During the early retirement phase, you’ll be adjusting to your new lifestyle. As a result, it’s not uncommon for retirees to overspend during these first few years as they get used to their new spending habits and extra free time.  

The early retirement stage is also when many people are eligible to receive full Social Security benefits, as well as some possible state benefits. Additionally, some people choose to get a part-time or full-time job to help support their lifestyle or to stay occupied. 

Some individuals may also need to adjust their healthcare plans during this phase of retirement. In most cases, this will mean a transition to Medicare and a Medicare Supplemental policy from the prior coverage. Making sure to check what your coverage terms are and how they work will help to ensure you don’t have any breaks in your healthcare coverage.  This is also the latest you should be addressing and planning for potential long term care, or chronic illness costs that can enter the picture toward the end of your life.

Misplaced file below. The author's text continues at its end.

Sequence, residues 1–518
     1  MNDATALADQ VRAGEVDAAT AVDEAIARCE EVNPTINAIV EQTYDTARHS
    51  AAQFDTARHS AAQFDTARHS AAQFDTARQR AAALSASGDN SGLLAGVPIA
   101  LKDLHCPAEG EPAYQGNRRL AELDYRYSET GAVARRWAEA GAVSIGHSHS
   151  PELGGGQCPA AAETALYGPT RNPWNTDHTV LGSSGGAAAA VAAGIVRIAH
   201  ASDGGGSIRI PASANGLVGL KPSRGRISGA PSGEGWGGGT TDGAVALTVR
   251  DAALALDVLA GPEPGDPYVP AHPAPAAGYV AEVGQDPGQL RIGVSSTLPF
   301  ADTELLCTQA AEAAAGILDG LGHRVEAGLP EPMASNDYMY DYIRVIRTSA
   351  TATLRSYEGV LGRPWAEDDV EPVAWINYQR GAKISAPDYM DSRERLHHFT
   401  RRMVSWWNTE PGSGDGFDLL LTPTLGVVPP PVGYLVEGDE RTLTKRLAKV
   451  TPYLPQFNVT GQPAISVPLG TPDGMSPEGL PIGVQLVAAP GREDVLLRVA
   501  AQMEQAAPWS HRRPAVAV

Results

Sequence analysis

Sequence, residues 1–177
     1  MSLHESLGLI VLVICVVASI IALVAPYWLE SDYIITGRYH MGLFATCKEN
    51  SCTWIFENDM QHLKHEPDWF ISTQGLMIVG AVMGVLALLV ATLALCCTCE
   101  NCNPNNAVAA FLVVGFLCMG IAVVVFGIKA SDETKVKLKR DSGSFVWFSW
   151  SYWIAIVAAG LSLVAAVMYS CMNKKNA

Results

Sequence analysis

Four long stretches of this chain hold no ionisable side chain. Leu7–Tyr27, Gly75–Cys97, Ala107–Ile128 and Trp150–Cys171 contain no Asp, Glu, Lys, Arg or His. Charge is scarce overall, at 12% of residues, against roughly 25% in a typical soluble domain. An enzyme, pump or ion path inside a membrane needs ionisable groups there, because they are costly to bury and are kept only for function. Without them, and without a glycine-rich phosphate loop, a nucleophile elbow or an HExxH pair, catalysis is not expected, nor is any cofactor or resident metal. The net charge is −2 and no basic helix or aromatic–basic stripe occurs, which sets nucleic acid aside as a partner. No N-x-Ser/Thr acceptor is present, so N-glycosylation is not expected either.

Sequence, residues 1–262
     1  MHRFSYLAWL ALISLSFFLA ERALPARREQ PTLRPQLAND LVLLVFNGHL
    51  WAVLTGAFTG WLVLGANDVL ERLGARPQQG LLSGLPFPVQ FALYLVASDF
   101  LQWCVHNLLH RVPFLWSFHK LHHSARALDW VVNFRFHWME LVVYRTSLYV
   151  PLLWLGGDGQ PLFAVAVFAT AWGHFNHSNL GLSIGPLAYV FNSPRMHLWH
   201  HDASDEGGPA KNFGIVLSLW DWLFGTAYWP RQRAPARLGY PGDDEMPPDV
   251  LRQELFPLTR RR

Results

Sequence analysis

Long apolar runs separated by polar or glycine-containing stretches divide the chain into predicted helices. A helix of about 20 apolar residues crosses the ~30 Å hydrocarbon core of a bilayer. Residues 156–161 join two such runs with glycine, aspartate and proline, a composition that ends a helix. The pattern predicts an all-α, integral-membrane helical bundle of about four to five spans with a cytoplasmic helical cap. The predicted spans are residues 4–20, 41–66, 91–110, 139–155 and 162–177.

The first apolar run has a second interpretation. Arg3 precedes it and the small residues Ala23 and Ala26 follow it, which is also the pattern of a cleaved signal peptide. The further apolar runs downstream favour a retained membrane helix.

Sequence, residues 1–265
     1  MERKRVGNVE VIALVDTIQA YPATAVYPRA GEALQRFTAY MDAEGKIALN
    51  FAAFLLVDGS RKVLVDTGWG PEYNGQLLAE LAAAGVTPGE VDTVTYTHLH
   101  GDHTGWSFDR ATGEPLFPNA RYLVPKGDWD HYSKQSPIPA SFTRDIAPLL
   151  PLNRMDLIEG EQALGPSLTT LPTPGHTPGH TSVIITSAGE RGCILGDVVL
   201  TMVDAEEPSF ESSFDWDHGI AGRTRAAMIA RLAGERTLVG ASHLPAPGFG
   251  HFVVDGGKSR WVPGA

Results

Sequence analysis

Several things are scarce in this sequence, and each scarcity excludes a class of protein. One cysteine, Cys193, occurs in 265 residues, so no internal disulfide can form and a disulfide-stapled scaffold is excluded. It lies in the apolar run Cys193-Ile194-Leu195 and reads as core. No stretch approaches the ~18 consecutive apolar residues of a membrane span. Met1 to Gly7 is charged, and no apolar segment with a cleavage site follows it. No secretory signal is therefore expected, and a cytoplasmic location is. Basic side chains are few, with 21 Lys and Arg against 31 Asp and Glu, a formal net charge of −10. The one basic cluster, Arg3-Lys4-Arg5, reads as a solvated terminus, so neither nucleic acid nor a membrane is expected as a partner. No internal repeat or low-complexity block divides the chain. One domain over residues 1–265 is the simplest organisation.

Stage 3: Mid-Retirement 

Mid-retirement usually takes place between the ages of 70 and 80. During this phase of retirement, most people are starting to settle into their new lifestyle. Additionally, many retirees spend less money during this phase due to being more settled, downsizing, potentially traveling less, or no longer supporting dependents.  

At the same time, this is when budgeting for inflation is critical. Many retirees forget to budget for inflation, and as costs go up one year to the next, they find that they can’t keep up. Proper budgeting and income planning from a professional can help you avoid this scenario and truly relax during your mid-retirement years.  

During the mid-retirement phase, it’s also time to check out your legacy plan and your estate planning documents. You may want to assign a close friend or family member a durable financial and health care power of attorney in the event that you’re not able to execute your wishes in your final days. Undertaking these types of decisions will help to make your retirement easier, and give you peace of mind.  

Stage 4: Late Retirement 

Stage four is the late retirement phase, and is the last part of your years as a retiree. During this time, many individuals need to plan for long-term health care support, such as moving into an assisted living home or hiring someone to help you in the house.  

This is also the time to look into what death benefits your family will need and what steps need to be taken on your end to ensure payouts, and an efficient transfer of both wealth and important values.